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Introduction

Have you ever felt as if you were playing a game of tug of war with your brain? It’s as if it’s pulling you in fifty different directions and sometimes even makes it hard to focus. Have you ever wondered why that is? Staying focused is hard these days. Even if you’re not busy with many tasks, you still have your phone or clients distracting you all day long. In this article, we be discussing how to reset your brain to focus better.

Set a timer to work, but no one can distract you.

A study recently found something that sounds counterintuitive: that setting a timer can help you focus better. Researchers at the University of California-Berkeley asked 50 undergrad students to complete a series of math problems. Half of them were told they would see a timer counting down every 10 minutes. The other students have said nothing. While the students were working, the researchers tracked their brain activity. The students who were told time would run out tended to concentrate and do their best work, while those who were on their own focused less. The researchers believe there’s a strong link between motivation and focus. The students who were told time would run out also began to experience an “internal timer” — a feeling of time running out, which made them work harder.

Decrease the need for instant gratification

The fundamental goal of mindfulness is to help you reset your brain to focus better. That’s important because social media train our minds to interrupt us and respond immediately to whatever pops up in the news feeds, instant messages, Twitter, Facebook, email, etc.

That immediate response can make it hard for us to focus. Still, mindfulness teaches us how to be more deliberate about when our attention shifts.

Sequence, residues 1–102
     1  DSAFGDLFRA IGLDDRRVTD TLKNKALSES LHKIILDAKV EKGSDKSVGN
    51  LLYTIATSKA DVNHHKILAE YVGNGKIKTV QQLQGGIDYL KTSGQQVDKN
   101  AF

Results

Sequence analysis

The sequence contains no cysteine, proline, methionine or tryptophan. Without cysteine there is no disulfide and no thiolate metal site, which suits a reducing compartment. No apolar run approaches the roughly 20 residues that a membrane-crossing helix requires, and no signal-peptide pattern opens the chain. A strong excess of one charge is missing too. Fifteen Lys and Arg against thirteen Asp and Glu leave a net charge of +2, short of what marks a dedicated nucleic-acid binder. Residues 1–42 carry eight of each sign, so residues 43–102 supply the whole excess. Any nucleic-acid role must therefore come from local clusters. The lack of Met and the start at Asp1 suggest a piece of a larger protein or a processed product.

That’s the whole goal of mindfulness: to become more aware of how our thoughts and perceptions affect our behaviors. It teaches us how to control how we think more intentionally.

If you’re already practicing mindfulness, then you already know the difference it can make. But I want to stress that mindfulness is practice. It takes regular practice to shift our thinking and to be more aware of our habits. It starts with awareness, then builds on it, and over time it becomes easier. You become less reactive to your emotions, less impulsive, more deliberate, and more in control of how you respond. Many people who practice mindfulness feel better, more rested, calmer, more patient, more compassionate, and less stressed.

They can better handle their workload and relationships, and they seem to have less anxiety, depression, and other mental health problems. Some even report that they have experienced enhanced creativity and insights. Mindfulness practice might have benefits beyond improving mental health, though. Studies suggest that mindfulness practice may help people improve their attention, focus, and working memory.

Model productive behaviors from others

A lot of us struggle to concentrate and focus. We get distracted, and we drift off. We lose track of time. Even just hearing the beep of a cell phone can interrupt our train of thought.

Researchers are finding that our brains are wired to pay attention and respond quickly to negative stimuli. For example, if someone says “Sit down,” we tend to sit up. But if someone says “Go,” we quickly sit up and move. Neuroscientists call this bias “appetite bias,” and it distorts our perception of reality. As it turns out, this bias can negatively impact our work and personal lives. It can keep us from finishing projects, and it can affect our decision-making abilities. If you suffer from this bias, what can you do about it? One solution is to “Model productive behaviors,” observes Massimo Pigliucci, a neuroscientist and philosophy professor at the University of Bologna in Italy. This means emulating — and adopting — the behaviors and habits of successful people, such as Steve Jobs, Bill Gates, and Richard Branson. By following their example, you can reset your brain to focus better. “The brain actually has mechanisms to model what others do,” Pigliucci explains. “If you look at a person, you see his gait, his gestures, his expressions. So what you see is actually your brain’s model. And the brain models what you look at.”

Conclusion

Some people find that they can focus well for periods. But others have trouble maintaining focus. Many people use certain stimulants to help improve their focus, but these often come with undesirable side effects. Thankfully, there’s a natural alternative called NutriDyn (Brain Restore), which can significantly improve your focus without side effects. Many supplements may be beneficial to your concentration, but NutriDyn is unique in how it addresses the issue. Brain Restore is a unique formula scientifically formulated to increase the functioning of damaged or aged brain cells and repair neural pathways. NutriDyn (Brain Restore) contains a unique combination of ingredients that work synergistically. Hence, every ingredient works together to maximize the benefits.